Beyond Andrology: Trends in Men’s Health in Emerging Markets

Men’s health in emerging markets is more likely to be brought about by tackling attitudes than by improving access.



In my last column, I explored the concept of women’s health and considered the specific challenges that adversely impact female health outcomes in emerging markets as a result of their gendered roles in society. This month, I turn my attention to men’s health and look at how men in emerging markets face a different set of health challenges, again influenced in large part by the way gender is socially constructed, with the pressure to be a ‘macho’ man often having negative consequences on health.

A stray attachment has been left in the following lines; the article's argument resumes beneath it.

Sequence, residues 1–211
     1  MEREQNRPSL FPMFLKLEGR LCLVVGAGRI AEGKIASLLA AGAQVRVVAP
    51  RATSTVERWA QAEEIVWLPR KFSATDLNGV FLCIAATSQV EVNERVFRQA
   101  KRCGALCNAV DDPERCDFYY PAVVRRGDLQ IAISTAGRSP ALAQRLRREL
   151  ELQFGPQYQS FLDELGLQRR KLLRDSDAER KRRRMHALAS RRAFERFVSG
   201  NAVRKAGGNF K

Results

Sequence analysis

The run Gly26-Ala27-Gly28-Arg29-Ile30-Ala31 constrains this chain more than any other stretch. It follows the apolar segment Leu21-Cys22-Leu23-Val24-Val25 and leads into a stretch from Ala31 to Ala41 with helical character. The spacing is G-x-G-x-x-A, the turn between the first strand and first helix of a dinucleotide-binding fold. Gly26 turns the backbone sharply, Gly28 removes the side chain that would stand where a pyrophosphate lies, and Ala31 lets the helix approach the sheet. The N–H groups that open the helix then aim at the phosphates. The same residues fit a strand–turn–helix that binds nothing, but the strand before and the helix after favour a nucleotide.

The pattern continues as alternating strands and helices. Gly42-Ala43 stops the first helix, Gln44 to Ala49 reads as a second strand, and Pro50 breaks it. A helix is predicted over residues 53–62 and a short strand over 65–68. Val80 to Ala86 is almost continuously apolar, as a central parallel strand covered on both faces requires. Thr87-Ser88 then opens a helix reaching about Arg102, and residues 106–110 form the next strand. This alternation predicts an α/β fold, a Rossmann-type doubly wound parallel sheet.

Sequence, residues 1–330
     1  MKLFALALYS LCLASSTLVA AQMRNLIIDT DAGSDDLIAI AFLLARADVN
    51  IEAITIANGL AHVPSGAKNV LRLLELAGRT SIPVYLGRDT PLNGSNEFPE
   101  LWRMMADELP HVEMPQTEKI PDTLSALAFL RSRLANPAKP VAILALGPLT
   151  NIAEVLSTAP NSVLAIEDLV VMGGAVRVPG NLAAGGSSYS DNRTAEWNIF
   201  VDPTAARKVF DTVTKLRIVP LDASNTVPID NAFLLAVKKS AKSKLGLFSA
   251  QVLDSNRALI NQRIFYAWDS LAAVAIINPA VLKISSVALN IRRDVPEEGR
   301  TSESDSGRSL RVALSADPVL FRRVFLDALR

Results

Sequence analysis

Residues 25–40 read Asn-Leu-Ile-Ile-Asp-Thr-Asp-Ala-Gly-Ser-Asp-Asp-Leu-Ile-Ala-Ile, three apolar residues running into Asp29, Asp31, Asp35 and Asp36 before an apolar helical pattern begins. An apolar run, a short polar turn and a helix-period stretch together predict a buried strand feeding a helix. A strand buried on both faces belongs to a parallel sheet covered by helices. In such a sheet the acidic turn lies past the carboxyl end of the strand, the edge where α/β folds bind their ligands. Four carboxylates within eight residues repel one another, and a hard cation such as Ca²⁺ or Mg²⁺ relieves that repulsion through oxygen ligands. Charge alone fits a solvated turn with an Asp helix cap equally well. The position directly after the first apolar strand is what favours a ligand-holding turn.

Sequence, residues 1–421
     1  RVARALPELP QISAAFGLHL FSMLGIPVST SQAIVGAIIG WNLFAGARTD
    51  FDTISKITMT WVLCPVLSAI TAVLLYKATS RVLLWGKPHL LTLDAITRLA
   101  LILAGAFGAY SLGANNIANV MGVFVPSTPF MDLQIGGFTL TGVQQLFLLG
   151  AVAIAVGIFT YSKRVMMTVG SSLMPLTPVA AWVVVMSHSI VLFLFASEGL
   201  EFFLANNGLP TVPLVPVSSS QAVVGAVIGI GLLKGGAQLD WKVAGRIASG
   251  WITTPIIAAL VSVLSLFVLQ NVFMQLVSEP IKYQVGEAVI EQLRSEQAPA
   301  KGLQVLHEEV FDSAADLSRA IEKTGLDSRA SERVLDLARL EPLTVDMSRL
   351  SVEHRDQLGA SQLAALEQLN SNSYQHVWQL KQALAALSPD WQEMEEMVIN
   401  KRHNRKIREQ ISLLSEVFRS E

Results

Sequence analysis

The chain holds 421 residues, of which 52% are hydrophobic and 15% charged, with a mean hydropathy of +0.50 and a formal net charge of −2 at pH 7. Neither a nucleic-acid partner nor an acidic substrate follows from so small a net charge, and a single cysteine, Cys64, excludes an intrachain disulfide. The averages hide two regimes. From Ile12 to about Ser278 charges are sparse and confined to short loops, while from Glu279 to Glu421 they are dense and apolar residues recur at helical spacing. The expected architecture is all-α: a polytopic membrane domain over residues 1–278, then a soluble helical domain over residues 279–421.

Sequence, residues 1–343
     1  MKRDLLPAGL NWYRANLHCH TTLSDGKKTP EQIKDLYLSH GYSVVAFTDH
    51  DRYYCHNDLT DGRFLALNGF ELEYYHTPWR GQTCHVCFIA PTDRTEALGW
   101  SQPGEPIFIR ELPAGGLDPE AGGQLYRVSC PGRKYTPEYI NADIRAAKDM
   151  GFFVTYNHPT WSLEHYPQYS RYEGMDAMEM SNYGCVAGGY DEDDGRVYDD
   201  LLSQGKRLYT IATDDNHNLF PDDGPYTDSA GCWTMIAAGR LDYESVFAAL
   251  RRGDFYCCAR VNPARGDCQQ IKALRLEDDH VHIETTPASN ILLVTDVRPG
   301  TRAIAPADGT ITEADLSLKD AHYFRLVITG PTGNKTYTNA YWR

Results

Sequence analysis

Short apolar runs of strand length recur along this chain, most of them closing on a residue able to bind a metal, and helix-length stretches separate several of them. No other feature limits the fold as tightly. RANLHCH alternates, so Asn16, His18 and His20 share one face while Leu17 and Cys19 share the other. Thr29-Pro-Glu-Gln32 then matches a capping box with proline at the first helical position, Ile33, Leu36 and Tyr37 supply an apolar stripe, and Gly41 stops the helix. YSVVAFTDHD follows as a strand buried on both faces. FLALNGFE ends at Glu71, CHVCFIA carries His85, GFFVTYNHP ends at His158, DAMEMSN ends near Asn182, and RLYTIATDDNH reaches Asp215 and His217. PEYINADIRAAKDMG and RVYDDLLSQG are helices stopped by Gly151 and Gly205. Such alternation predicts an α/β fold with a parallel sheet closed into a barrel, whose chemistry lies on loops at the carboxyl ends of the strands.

As with women’s health, men’s health can have both broad and narrow definitions. The narrow definition begins with andrology; conditions specific to male biology – such as prostate problems, testicular cancer and erectile dysfunction. It is revealing to note that while androgyny’s female counterpart, gynecology, is a board-certified medical specialty in many countries, andrology is not. It has only been described as a distinct specialty since the late 1960s. This lack of recognition perhaps goes some way to explaining why conditions such as the andropause – the male menopause or ‘manopause’, in which testosterone levels diminish with age – remain controversial.  While recent research indicates this may be far more common than originally estimated, it has yet to be well-studied and is not recognized by the World Health Organization.